“At a microscopic level, the structure of a catalyst and the chemical environment around the active sites—where chemical bonds are broken and reformed as reactants transform into new products—change as a function of time, thus determining the reaction mechanism,” said Rodriguez. “We can learn a lot about the nature of the active sites under steady-state conditions, with no variations in temperature, pressure, and reaction rate. But to really understand the details of the reaction mechanism, we need ways to track what happens under transient or variable conditions. This funding will allow us to build new instrumentation that works with existing capabilities so we can study catalysts under variable conditions—and use what we learn to improve their performance.”
The tools will be installed in Chemistry Division laboratories and at beamlines at the National Synchrotron Light Source II (NSLS-II), a DOE Office of Science user facility that produces intense beams of x-rays for a wide range of studies. In catalysis, scientists use NSLS-II x-rays to create atomic-level images of how a catalyst’s structure evolves during a reaction. The new systems will add instrumentation that allows for transient experiments while varying temperature and gas pressures on the scale of milliseconds so scientists can study detailed changes within the catalyst’s active site as the reaction conditions change.
“These tools will allow us to correlate changes in surface reactivity with changes in the structural properties of the catalytic material over time,” Rodriguez said.
Rodriguez will develop the tools in collaboration with other scientists in Brookhaven’s Chemistry Division, at NSLS-II, the University of Kansas, and Stony Brook University. And the entire setup will be available for use by catalysis researchers from universities, industry, and other national laboratories, including through the Synchrotron Catalysis Consortium, which supports catalysis studies at NSLS-II.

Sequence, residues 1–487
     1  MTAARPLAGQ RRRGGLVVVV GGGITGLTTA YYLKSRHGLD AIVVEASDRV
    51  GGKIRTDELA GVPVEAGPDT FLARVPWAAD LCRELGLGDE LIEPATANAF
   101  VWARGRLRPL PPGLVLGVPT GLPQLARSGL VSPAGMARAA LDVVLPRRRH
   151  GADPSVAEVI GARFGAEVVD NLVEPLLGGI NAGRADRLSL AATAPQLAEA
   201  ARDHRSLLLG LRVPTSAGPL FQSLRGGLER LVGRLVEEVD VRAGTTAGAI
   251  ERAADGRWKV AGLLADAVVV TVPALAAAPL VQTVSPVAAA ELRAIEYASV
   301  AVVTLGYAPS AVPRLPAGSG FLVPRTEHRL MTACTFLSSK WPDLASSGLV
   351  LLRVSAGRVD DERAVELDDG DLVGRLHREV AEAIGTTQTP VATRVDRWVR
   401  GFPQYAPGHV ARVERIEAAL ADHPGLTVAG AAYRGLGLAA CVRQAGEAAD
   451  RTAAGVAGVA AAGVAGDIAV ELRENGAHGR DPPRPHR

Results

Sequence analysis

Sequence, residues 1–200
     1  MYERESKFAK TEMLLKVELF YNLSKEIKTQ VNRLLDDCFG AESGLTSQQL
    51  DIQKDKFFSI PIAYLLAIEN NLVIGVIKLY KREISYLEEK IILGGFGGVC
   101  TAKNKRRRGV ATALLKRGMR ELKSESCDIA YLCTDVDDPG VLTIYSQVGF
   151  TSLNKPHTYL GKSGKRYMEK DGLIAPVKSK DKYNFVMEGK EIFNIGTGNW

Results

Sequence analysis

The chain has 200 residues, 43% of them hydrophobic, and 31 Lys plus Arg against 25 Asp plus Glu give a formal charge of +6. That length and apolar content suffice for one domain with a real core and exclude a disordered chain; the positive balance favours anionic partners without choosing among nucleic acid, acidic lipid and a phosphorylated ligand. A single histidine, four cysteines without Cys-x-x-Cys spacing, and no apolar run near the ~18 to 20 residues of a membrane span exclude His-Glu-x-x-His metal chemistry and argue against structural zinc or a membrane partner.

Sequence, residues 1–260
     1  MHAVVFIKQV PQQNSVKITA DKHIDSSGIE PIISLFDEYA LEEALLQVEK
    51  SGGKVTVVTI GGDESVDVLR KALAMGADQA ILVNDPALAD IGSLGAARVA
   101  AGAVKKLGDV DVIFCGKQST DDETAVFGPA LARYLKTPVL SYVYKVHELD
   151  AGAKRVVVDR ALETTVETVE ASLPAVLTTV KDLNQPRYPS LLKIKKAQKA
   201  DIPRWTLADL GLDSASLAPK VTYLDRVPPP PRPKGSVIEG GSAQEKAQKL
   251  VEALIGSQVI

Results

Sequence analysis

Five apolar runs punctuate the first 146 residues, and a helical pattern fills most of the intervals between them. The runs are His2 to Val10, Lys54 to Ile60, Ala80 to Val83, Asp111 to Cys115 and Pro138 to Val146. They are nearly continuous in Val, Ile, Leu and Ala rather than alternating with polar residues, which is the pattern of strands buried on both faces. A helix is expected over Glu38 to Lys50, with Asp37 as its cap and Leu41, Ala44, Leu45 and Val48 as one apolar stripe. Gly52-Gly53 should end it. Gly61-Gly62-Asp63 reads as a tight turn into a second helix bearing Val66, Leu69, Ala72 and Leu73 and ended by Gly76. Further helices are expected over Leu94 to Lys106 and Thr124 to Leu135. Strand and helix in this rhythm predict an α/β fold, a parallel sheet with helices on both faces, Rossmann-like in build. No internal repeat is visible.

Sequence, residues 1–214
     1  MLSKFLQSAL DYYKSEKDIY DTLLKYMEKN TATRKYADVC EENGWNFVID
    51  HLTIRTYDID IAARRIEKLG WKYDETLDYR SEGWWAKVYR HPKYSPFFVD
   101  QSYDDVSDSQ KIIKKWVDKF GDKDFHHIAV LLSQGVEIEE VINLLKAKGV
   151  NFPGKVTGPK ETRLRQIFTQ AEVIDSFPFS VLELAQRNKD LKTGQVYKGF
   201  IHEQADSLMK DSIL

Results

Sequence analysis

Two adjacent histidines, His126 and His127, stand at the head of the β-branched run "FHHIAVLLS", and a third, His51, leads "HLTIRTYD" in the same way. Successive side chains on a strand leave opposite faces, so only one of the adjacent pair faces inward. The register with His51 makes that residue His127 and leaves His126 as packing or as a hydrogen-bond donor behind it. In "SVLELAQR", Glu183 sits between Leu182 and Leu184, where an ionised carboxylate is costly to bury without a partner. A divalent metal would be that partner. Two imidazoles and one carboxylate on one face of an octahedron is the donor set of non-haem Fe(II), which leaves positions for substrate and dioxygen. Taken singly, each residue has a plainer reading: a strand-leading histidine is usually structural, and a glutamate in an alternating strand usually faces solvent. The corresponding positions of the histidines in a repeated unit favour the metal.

Born and raised in Venezuela, Rodriguez earned his undergraduate degrees in chemistry and chemical engineering from the Simon Bolivar University in Caracas (1981, 1982), and a Ph.D. in physical chemistry from Indiana University (1988). After pursuing postdoctoral studies in chemistry at Texas A&M University, he joined Brookhaven as a research associate in 1991, rose through the ranks to become a senior chemist in 2002. He currently leads the Catalysis: Reactivity and Structure Group within the Chemistry Division and co-leads the Synchrotron Catalysis Consortium that operates at NSLS-II. He received Brookhaven Lab’s Science and Technology Award in 2011, and a 2007 Award for Technical Achievements from Great Minds in STEM™ — a non-profit organization, founded as HENAAC, which focuses on educational awareness and recognition programs for Hispanics in Science, Technology, Engineering and Mathematics (STEM). He is an adjunct professor of chemistry at Stony Brook University, has served as a mentor and collaborator for 16 undergraduate and graduate students, 24 postdoctoral fellows, and more than 50 visiting scientists from other national laboratories and universities.
“Both of these projects serve our mission to deliver discovery science and transformative technology to power and secure the nation’s future,” said Brookhaven National Laboratory Director Doon Gibbs. “They will build on existing collaborations and make DOE tools accessible to the wider research community, thereby broadening Brookhaven’s and the DOE’s impacts in advancing these intriguing and important research endeavors.”
Brookhaven National Laboratory is supported by the U.S. Department of Energy’s Office of Science. The Office of Science is the single largest supporter of basic research in the physical sciences in the United States and is working to address some of the most pressing challenges of our time. For more information, visit https://www.energy.gov/science/